Recent changes to the classification of symbiotic, nitrogen-fixing, legume-associating bacteria: a review

Abdelaal Shamseldin, Ahmed Abdelkhalek, Michael J. Sadowsky

Research output: Contribution to journalReview article

18 Scopus citations

Abstract

The Rhizobia are collectively comprised of gram negative soil bacteria that have the ability to form symbiotic nitrogen-fixing root and/or stem nodules in association with leguminous plants. The taxonomy of these bacteria is continually in a state of flux, in large part due to rapid development of refined molecular biology techniques. The isolation and characterization of new, and often different, legumes-nodulating bacteria on a variety of plant hosts has resulted in the naming of many new rhizobial species. Here we update the taxonomy of the legume-nodulating bacteria and describe newly identified rhizobia capable of nodulating edible legumes and legume trees. In 1990, there was only one bacterial species that was known to nodulate common bean worldwide (Rhizobium leguminosarum sv. phaseoli), one species that nodulated faba bean (Rhizobium leguminosarum sv. viciae), and two species that nodulated soybean (Bradyrhizobium japonicum and Rhizobium fredii). Today, nearly 14, 11, 6, 5, 5, 4, 3 and 2 species have been defined that are capable of nodulating common bean, soybean, cowpea, chickpea, peanut, lentils, faba bean and pea, respectively. The recent use of whole genome based taxonomy (genomotaxonomy) will surely change how we define this important group of bacteria. The identification of several rhizobial species that are able to nodulate and fix nitrogen with edible legumes may enhance the production of these crops and can compensate for worldwide deficiencies in human nutritional needs in the future.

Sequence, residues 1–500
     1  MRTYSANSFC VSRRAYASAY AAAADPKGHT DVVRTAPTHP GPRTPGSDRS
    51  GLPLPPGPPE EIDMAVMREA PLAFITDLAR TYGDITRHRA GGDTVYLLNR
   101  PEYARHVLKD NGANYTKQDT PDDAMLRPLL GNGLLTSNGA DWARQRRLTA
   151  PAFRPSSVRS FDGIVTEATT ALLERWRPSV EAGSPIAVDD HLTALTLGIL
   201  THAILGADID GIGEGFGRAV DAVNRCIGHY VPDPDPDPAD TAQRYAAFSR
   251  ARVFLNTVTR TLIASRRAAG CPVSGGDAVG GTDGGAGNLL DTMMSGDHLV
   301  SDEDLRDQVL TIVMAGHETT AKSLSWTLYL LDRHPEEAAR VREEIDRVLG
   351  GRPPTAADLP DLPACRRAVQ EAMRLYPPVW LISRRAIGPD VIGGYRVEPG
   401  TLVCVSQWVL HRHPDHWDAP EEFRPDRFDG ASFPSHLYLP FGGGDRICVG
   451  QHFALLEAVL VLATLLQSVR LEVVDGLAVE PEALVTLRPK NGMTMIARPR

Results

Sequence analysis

Original languageEnglish (US)
Pages (from-to)91-109
Number of pages19
JournalSymbiosis
Volume71
Issue number2
DOIs
StatePublished - Feb 1 2017

Keywords

  • Classification
  • Legumes
  • Nitrogen fixation
  • Nodulation
  • Taxonomy

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